San Diego

Drones Offer New Vantage Point for Shark Sightings Off San Diego Coast

Shark Lab’s next project is to tag the sharks and track their migration

New drone technology is helping lifeguards and marine biologists spot great white sharks swimming along San Diego's coastline. 

The drone from Cal State University Long Beach's Shark Lab helped lifeguards warn swimmers and surfers about a 6-foot juvenile great white shark that was spotted off Del Mar on Monday, Tuesday, and Wednesday.

The addition of the drones in recent weeks is partially the reason for the increased frequency of shark sightings, according to Chris Lowe, Ph.D., Director of the Shark Lab.

Lowe's team was granted $3.75 million from the state in June to monitor shark activity along the Southern California coast this summer.

They are using the grant money for drones and will also launch an underwater robot. They also work with lifeguards to locate shark activity.

Lowe said they have not figured out why the juvenile great whites have decided to swim just about 400 yards off the shore, but knows Southern California’s coast is their birthing area and considered their nursery.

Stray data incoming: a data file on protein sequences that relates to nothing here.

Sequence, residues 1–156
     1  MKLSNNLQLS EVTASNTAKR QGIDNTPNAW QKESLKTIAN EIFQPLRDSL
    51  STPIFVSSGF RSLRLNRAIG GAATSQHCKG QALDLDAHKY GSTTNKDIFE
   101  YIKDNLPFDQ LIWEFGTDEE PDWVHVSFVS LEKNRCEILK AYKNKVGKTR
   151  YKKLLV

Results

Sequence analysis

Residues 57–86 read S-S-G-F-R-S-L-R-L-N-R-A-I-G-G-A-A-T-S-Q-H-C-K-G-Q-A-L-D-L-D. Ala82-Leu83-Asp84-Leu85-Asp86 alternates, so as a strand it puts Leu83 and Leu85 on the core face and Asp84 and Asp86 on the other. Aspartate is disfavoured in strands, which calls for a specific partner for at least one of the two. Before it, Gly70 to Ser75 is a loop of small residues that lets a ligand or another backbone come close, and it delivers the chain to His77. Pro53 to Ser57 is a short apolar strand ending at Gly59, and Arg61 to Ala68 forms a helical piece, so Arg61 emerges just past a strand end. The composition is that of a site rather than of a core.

Shark Lab’s next project, along with the drone camera use, is to tag the sharks and track their migration.

Surfers said they have seen the warning signs, but still take the risk, knowing that so far the sightings have not shown any aggressive shark behavior.

“It was pretty far off shore, so I wasn’t too worried,” said regular surfer from Rancho Santa Fe, Robby McRoskey.

NBC 7 showed McRoskey and his friend Cole Harris some of the drone video that CSULB’s Shark Lab captured from off the coast of Del Mar.

“Oh, that is really shallow,” he said.

A father and son visiting from Alaska, Max and Callum Kullberg, were confidently playing in the water right along the shoreline despite the shark warning sign.

“I’m comforted all the locals are still out there; I figure if the shark comes it’s going to get them before it gets my son,” joked Kullberg.

He said he was glad more drones are out there monitoring the activity, and hopeful that more sightings means a healthier eco system, as long as the great whites keep their distance from people.

“Maybe we’ve been swimming with them all this time,” said Kullberg.

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